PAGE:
And here, for the first time, it becomes important to note: there are many cases of references or allusions which are not being included in this analysis, because this analysis is focused specifically on quotations. This was less of an issue in the previous documents that we surveyed since there were relatively few references to the Jewish scriptures. But as we come to the Gospel of Mark it becomes necessary to clarify how to distinguish a quote from other kinds of reference. One way that I’m using to distinguish other references from quotations is by the fact that a quote repeats the original material, where another type of reference may not repeat the original material so much as mention it. An example is that Moses allowed a man to divorce his wife: here we can find a reference to Jewish Scripture but it would be overstating the case to call it a quotation. Another situation that I do not count as a quotation here is finding such a short set of words that it’s not clear whether it’s intending to repeat the original material or reference it. The identification of something as a quotation is reserved for passages where there’s not a serious doubt: where not only is there a reference to earlier Scripture but also there are more than a few words involved or it was introduced in the document as a quotation (e.g. “it is written”).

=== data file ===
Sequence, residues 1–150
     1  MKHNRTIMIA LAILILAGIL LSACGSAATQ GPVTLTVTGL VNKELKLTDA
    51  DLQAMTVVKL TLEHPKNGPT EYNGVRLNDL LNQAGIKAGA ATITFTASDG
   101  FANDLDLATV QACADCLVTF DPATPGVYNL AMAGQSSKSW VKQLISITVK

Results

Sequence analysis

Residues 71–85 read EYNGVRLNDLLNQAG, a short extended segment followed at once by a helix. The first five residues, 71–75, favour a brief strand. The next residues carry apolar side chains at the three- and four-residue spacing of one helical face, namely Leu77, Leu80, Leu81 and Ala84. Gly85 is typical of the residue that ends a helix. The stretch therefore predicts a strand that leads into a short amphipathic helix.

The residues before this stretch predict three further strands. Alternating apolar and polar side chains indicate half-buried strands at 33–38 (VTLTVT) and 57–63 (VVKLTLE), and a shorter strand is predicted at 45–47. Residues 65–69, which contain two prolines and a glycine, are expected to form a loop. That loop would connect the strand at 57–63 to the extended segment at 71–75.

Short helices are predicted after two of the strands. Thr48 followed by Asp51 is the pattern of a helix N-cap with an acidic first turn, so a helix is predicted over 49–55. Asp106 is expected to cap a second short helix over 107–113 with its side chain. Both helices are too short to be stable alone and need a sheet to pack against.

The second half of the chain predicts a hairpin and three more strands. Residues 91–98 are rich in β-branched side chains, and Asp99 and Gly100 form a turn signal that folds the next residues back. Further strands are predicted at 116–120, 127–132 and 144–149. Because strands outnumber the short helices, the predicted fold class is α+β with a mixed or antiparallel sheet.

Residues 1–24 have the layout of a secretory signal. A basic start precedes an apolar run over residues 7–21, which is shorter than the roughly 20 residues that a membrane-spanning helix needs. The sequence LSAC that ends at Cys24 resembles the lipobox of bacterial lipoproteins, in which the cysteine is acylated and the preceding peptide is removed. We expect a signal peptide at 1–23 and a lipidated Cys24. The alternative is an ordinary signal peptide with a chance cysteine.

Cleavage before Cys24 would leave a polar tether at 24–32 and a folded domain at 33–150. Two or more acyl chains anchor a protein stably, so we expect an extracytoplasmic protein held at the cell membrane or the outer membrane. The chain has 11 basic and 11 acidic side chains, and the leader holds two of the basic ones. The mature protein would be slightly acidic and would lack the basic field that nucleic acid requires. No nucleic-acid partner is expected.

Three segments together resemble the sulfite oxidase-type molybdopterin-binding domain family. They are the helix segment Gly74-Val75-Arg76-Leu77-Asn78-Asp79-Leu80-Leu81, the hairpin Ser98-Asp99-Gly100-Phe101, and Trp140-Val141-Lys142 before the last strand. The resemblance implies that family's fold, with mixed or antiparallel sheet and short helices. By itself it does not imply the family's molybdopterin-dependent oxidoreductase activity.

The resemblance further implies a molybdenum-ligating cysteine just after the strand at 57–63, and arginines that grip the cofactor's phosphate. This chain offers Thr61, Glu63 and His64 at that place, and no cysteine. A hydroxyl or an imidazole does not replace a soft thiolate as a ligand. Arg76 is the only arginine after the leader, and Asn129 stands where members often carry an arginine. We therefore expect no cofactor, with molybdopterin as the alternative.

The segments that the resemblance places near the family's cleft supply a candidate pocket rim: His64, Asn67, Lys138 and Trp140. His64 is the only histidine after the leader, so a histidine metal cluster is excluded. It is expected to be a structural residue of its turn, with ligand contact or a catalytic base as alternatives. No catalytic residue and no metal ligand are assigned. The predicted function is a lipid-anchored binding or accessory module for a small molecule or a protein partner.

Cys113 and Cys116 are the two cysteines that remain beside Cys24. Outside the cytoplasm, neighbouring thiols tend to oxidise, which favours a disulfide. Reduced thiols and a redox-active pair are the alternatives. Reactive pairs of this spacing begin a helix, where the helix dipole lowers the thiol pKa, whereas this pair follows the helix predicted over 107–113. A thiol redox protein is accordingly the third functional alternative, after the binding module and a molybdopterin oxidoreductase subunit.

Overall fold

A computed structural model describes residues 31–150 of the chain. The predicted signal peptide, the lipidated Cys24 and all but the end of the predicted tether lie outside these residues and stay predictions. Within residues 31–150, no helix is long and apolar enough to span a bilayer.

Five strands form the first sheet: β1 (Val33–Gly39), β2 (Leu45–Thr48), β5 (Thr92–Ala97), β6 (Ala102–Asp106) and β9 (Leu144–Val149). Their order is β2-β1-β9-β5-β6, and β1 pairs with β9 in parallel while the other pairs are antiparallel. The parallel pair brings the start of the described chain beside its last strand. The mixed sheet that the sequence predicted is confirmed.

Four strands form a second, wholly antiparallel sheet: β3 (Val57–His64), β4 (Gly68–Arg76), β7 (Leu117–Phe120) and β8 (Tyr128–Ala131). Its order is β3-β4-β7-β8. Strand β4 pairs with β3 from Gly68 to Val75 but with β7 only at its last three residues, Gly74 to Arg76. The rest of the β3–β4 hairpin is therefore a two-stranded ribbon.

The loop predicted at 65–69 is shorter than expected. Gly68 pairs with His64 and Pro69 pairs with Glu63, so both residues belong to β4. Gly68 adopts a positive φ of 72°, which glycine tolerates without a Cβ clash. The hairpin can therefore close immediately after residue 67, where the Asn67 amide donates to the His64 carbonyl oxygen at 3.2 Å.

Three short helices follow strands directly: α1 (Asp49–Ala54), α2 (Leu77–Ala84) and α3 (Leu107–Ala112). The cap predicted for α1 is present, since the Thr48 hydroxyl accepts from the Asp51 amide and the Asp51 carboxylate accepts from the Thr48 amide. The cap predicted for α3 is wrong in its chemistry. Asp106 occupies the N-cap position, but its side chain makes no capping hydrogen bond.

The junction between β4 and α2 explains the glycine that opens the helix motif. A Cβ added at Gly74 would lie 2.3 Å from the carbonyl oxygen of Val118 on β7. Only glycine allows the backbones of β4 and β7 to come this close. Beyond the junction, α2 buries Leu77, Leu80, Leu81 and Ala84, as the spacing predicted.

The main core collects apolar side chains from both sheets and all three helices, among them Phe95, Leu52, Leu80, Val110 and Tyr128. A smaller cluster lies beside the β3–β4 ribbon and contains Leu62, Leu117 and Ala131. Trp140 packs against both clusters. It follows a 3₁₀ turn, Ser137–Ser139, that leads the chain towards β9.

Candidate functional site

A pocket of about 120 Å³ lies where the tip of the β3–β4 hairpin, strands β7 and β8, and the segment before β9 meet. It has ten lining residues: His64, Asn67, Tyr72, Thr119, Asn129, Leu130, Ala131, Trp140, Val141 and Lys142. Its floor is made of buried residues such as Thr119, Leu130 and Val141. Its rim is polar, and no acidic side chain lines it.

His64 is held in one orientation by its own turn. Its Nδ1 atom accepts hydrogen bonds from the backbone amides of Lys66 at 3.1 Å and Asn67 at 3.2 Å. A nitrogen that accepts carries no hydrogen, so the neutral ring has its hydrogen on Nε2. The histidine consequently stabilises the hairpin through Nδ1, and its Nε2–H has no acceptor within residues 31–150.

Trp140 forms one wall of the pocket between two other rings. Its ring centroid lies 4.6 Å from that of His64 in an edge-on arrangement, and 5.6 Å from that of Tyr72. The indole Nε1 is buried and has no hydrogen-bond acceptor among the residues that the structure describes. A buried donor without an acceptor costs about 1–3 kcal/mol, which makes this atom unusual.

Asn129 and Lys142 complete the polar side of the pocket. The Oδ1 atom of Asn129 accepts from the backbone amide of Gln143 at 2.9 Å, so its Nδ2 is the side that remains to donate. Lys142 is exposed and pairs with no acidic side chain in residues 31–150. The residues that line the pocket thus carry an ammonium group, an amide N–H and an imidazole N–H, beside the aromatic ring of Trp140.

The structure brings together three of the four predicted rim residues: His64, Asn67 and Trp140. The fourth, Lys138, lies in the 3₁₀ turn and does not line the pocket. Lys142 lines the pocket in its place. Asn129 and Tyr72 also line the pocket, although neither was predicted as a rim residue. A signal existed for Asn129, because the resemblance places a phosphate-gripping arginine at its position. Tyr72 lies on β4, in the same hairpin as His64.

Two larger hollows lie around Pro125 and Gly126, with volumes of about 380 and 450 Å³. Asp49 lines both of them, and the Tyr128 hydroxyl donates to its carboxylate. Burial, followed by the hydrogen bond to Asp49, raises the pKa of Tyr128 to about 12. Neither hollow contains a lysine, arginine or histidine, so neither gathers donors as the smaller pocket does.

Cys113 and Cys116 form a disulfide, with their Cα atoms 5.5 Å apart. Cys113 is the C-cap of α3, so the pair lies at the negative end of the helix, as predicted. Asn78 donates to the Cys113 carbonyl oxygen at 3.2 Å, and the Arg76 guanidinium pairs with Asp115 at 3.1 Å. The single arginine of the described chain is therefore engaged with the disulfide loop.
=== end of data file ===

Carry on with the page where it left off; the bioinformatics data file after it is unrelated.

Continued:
Quotations of Jewish Scripture in the Gospel of Mark


1. .. as it is written in Isaiah the prophet:
“I will send my messenger ahead of you,
    who will prepare your way”—
“a voice of one calling in the wilderness,
‘Prepare the way for the Lord,
    make straight paths for him.’”
 2. “‘they may be ever seeing but never perceiving,
   
and ever hearing but never understanding;
otherwise they might turn and be forgiven!’”
3. He replied, “Isaiah was right when he prophesied about you hypocrites; as it is written:
“‘These people honor me with their lips,
    but their hearts are far from me.
They worship me in vain;
    their teachings are merely human rules.’

4. For Moses said, ‘Honor your father and mother,’ and, ‘Anyone who curses their father or mother is to be put to death.’

5.  “‘the worms that eat them do not die,
    and the fire is not quenched.’
6. You know the commandments: ‘You shall not murder, you shall not commit adultery, you shall not steal, you shall not give false testimony, you shall not defraud, honor your father and mother.’”

7. “Blessed is he who comes in the name of the Lord!”

8. And as he taught them, he said, “Is it not written: ‘My house will be called a house of prayer for all nations’? But you have made it ‘a den of robbers.’”
9. Haven’t you read this passage of Scripture: